When parent separations occur, the state of Florida makes all decisions based on the best interests of the children. In fact, Florida decided it is the right of all children to maintain constant support from both parents until the age of 18. This includes child support. Determining child support can seem complicated, especially when one parent makes commission, bonuses, overtime, or tips. It is always best to seek the help of an experienced family law lawyer when dealing with such family law issues.
Determining Child Support
While every case is different and there are no hard and fast rules when it comes to any family law matters, there are a few general guidelines for how some child support may be determined. When one parent makes commission, bonuses, overtime, tips, or other excess income beyond salary or hourly pay, the average income is typically used. When deciding income for child support purposes, the parent’s income is usually averaged on a monthly basis. This average includes any extra payments received beyond their regular or base income.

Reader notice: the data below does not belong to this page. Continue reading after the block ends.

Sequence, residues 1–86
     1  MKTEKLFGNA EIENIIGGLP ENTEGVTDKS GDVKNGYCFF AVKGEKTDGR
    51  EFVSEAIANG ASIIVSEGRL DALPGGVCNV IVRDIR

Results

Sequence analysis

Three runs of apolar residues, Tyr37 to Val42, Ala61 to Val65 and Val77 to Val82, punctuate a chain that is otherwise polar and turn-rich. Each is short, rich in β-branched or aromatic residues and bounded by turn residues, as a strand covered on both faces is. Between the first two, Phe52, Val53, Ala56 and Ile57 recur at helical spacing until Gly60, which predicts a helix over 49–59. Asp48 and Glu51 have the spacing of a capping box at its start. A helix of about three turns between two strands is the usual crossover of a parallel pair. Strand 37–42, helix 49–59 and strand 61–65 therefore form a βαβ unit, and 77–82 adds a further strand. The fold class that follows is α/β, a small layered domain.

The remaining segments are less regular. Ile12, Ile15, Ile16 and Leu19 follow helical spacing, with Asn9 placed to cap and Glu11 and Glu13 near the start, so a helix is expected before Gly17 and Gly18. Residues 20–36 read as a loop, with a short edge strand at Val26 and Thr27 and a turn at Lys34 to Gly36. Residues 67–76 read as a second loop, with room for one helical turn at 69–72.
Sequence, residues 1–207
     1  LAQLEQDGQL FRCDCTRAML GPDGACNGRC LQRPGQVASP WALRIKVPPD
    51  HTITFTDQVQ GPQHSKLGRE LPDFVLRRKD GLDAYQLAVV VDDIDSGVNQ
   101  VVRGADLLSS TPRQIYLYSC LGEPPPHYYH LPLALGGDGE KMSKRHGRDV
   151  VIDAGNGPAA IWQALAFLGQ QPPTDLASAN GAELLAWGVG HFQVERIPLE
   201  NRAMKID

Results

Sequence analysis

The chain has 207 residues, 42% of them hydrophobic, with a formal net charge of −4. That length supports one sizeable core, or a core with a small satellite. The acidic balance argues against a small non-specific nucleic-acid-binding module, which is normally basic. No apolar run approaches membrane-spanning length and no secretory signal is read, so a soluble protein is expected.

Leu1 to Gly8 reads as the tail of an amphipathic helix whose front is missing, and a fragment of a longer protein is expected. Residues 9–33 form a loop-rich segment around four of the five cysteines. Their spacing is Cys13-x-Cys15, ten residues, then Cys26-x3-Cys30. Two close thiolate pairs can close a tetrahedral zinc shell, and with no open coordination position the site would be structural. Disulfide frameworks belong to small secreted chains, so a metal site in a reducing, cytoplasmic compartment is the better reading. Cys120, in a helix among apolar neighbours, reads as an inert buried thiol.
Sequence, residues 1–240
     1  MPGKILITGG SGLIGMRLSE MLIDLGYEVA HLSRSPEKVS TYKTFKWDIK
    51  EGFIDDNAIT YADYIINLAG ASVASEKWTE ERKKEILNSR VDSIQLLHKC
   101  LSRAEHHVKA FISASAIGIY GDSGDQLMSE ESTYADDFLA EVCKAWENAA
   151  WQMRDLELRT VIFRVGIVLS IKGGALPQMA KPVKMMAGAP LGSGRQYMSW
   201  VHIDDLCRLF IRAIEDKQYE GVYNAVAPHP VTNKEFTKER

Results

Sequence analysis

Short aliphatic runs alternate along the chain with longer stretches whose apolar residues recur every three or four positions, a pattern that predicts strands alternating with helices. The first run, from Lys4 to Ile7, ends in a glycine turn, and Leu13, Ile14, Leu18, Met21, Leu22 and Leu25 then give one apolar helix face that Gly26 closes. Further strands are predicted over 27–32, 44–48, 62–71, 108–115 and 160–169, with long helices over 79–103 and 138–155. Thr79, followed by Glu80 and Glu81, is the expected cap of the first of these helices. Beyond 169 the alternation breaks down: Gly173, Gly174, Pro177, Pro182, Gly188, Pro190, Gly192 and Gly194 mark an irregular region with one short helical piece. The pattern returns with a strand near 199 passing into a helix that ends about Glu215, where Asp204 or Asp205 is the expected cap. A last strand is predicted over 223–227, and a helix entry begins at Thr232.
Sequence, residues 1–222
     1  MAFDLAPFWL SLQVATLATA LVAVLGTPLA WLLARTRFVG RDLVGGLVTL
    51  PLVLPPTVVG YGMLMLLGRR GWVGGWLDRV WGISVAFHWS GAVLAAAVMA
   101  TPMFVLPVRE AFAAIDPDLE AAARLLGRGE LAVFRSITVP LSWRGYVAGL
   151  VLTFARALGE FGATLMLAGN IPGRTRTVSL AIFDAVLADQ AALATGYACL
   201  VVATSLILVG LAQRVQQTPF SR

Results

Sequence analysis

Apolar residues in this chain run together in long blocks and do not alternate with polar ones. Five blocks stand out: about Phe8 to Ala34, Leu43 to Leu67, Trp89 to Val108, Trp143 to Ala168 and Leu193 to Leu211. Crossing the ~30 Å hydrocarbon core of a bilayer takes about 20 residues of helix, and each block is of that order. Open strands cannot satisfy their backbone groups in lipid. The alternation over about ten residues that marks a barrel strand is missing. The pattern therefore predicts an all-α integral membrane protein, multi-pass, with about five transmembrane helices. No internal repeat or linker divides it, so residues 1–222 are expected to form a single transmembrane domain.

When determining this average income, the state may look at many different forms of payment including:
- Salary or wages
- Bonuses, commissions, overtime, tips, allowances
- Self-employment income, partnership income, independent contract income
- Disability benefits, including workers’ compensation
- Retirement, social security, pension, interest and dividends
These are just a few of the things that can go into determining child support in a divorce or separation case. Each case is unique and child support is determined specifically for those parents. It is never advisable to tackle these kinds of cases alone. Family law attorneys are experienced in making sure the child’s best interest is reached, and everything in the case is accounted for.